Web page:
Programming: a bygone profession?

Programming: a bygone profession?

Welcome to The Cusp: cutting-edge AI news (and its implications) explained in simple English.

In this week's issue:

  • Tech layoffs are forcing programmers out of work. And with AI coding assistants now writing > 30% of code, humans won't be hired back.
  • A useful mental model for you to understand how AI works quickly: AI as compression.
  • A couple of neat changes to this newsletter.

Let's dive in.

1: Coding assistants reduce the average amount of code humans need to write by > 30%

Remember Github Copilot? The "pair programmer in your pocket" that was introduced by Microsoft last year?

At first, Copilot was little more than an AI-powered code completion widget. But since then, it's been iterated upon and improved at a rapid pace.

Today, it not only completes your code, but writes new functions and documents files seamlessly – all while taking into account the context of your codebase as a whole.

Shockingly: for many programming languages, over 30% of newly written code is now generated by AI assistants like Copilot.

Put another way: that's 30% of code not being written by humans.

Tech layoffs are accelerating the job displacement

Advances in AI programming come at a particularly devastating time, since we're also seeing mass tech layoffs across the industry.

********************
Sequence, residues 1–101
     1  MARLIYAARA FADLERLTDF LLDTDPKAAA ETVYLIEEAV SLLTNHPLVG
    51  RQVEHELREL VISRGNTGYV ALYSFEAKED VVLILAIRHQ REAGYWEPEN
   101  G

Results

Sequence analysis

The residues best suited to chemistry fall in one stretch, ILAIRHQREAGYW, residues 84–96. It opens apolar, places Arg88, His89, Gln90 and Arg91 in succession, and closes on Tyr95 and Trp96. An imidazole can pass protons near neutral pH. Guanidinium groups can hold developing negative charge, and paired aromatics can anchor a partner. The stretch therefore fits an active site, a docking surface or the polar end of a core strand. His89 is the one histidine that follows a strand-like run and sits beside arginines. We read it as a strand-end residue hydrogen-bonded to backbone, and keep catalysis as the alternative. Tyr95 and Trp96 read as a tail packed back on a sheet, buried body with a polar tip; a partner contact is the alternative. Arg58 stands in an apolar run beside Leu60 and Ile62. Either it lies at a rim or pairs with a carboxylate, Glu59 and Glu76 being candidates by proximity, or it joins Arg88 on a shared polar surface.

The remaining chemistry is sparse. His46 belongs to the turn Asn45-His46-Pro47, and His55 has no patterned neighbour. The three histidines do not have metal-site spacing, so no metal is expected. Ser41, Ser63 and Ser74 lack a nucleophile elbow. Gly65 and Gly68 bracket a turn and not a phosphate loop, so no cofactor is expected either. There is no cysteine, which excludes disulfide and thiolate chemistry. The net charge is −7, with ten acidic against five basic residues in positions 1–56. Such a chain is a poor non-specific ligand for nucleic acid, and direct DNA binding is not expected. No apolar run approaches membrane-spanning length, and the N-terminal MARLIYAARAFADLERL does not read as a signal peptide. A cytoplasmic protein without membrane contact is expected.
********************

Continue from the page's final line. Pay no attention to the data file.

Companies are shedding jobs in droves (mostly due to COVID-19 induced economic uncertainty). In the last month alone:

We're probably only seeing the beginning. And when you combine this with the rise of programming automation tools like Copilot, it's not hard to see the future of software engineering as bleak (for humans, at least).

What's this mean for us?

Whether or not the economy recovers quickly:

  • With more programmers laid off, and more AI-generated code, the role of the human programmer will continue to diminish.
  • The trend towards AI programming is only going to accelerate with larger, Chinchilla-like models soon to become the standard.

Just like "remote work" exploded in popularity during COVID-19 (and only marginally reduced afterward), many companies simply won't hire back programmers once they're gone.

They won't need to: their remaining staff will pick up the slack with AI, until there's no need for them, too.

How can we take advantage of this?

If you're in tech, know this: junior programmers will be the first to go.

It'll be more cost-effective to outfit skilled seniors with AI assistants and increase expectations around volume than invest time and energy into newbies. Consider:

  • Senior roles more naturally understand how to prompt the AI.